Analyze This

Mikhail Botvinnik, legendary world champion and a pioneer of computer chess, once said “chess is the art of analysis.” Indeed, anyone who plays the game long enough will see that it is a sempiternal exercise in examination and re-examination. By examining one’s own games and those of other players and masters, you can begin to see patterns or discover better moves. Quality analysis and the ability to analyze are essential for any player to grow and become a strong competitor. And now with incredible advancements in technology and the seemingly endless amount of options and platforms to find digital chess analysis, there is an unprecedented amount of information available. So, considering all the information above, where do you start?

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If you are newer to the game, the best analysis would be a one on one with a coach or an experienced player. While having a computer program analyze your game has many advantages, it is a bit too much information for someone new to the game and will not help you develop the same way a human can. Much like a soccer coach watching video after a game and going over it with their team, a trained and experienced eye can spot mistakes or opportunities you may otherwise overlook. For instance, when I first started playing my coach noted that I was very inconsistent with developing my minor pieces early in the game. By doing this I was giving away tempi and crippling my attack. This observation would not be noted if I simply used a computer to show blunders and best moves. The best way I can put it is that a human can give you a unique perspective and develop you into a well-rounded player, a computer will build upon this foundation and present other opportunities.
Another way that a coach can help your development is by analyzing well-known games or educational ones with you. My coach recommended analyzing some of Jose Capablanca’s games, games that exemplified what topic or idea he was trying to share with me at that time. I analyzed these games on my own, playing them out on a board then on a computer with and without an analysis engine running. Lastly, my coach and I went over a game together. This comprehensive, well-rounded analysis not only improved my understanding of some core concepts my coach was trying to teach through the game, but also helped my board memory, gave me some new ideas in certain situations, and boosted my confidence in my ability to analyze games. This exercise helped establish a foundation I still use today and will continue to use throughout my career.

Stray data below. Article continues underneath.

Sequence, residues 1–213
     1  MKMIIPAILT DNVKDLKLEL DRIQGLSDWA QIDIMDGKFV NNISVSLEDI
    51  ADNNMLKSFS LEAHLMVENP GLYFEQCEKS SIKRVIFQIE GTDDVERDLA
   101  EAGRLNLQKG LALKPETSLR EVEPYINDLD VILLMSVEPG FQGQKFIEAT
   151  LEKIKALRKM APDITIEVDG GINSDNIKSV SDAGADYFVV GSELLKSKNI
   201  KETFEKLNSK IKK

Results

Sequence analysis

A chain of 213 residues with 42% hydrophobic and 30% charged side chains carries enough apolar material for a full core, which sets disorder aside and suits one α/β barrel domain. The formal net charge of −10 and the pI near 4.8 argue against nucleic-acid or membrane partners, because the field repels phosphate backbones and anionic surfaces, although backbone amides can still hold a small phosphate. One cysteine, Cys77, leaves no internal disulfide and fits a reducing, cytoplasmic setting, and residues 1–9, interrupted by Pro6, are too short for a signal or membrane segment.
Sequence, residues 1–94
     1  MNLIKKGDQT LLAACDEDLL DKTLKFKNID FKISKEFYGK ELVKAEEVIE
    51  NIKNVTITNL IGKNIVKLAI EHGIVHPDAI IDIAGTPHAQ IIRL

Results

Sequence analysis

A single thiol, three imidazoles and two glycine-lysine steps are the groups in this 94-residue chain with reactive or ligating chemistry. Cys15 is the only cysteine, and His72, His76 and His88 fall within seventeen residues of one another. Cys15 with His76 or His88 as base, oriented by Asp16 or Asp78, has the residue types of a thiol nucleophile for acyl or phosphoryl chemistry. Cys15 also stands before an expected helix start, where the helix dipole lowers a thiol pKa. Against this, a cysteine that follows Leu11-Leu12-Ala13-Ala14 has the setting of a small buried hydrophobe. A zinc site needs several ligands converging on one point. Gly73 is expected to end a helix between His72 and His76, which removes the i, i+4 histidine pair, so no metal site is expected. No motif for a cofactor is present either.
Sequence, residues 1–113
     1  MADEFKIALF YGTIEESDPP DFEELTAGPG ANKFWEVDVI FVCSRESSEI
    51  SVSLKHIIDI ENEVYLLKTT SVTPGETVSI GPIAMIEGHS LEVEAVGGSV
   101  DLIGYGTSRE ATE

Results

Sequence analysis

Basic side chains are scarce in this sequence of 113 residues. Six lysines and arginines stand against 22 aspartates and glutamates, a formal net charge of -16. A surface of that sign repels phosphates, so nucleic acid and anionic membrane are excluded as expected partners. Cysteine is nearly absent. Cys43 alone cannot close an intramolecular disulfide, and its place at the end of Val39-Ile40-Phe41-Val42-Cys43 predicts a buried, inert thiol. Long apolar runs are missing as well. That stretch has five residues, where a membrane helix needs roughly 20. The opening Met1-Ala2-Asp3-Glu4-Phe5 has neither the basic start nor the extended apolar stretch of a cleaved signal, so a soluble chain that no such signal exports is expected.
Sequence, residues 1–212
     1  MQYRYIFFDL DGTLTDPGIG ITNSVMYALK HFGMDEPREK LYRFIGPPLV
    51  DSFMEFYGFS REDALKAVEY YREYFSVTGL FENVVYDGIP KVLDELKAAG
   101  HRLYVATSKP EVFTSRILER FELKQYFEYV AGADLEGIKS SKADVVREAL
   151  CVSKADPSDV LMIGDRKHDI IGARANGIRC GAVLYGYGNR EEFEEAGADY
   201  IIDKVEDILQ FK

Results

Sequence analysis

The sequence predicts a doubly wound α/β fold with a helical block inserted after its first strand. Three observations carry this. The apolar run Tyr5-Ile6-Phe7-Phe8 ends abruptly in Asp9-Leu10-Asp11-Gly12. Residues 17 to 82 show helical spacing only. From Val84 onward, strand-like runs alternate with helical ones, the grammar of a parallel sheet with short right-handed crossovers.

Once you have learned how to analyze a game, you could and really should analyze any games you find interesting whether they be yours or someone else’s. First, play through the game a few times on your own to see the flow. Look for any ideas that jump out at you or anything you find noteworthy. This part of the game is a bit of homework, so you really must keep a notebook handy. A fun exercise is to guess the move then compare your decision to that of the other player. When you do this, ask “why was that move picked?” “why that move instead of this one?” “how would I respond to that move?”. This type of methodical and deliberate examination and study will develop your awareness and your understanding even further.
A very popular and tremendously productive way to analyze your play is with an engine. From top level players like Vishy Anand to club players, this is a common practice and in today’s competitive environment, an absolute necessity. The number of engines out there and the millions of games recorded is staggering. Do you want to see what your favorite player’s most successful opening is? It’s there. What percentage of games with the c4 “English” opening, on average, end with a win for white? That information is there too. Computer analysis can be a double-edged sword for the inexperienced or unguided, however. Without a sound understanding of the games fundamentals and mechanics, you can easily fall down a rabbit hole and be quickly misdirected. Personally, I suggest holding off on computer analysis until it is recommended to you by your coach or a trusted, experienced player. Used in conjunction with coaching and guidance, this technology is indeed a very powerful analytical tool that will certainly bring your play to the next level.
So where should you begin? To get started, pick a game, any game. This game can be one of your own or just one your find interesting. I strongly recommend you play through it a few times on a board, preferably one with algebraic coordinates to make following or adjusting notation easier. The reason I recommend a board is the distinct view and feel you gain. You can walk around the board or view it from angles that you cannot from a static 2d board. It may sound silly, but I gain much perspective this way and find it notably more productive than just playing on my laptop. If available, walk through the match a few times with another player or a coach. This can bring up some dialogue or showcase ideas you may not have reached on your own. For as much time as we spend buried in our phones, books, or computers, chess is after all a social game and one that generates conversation.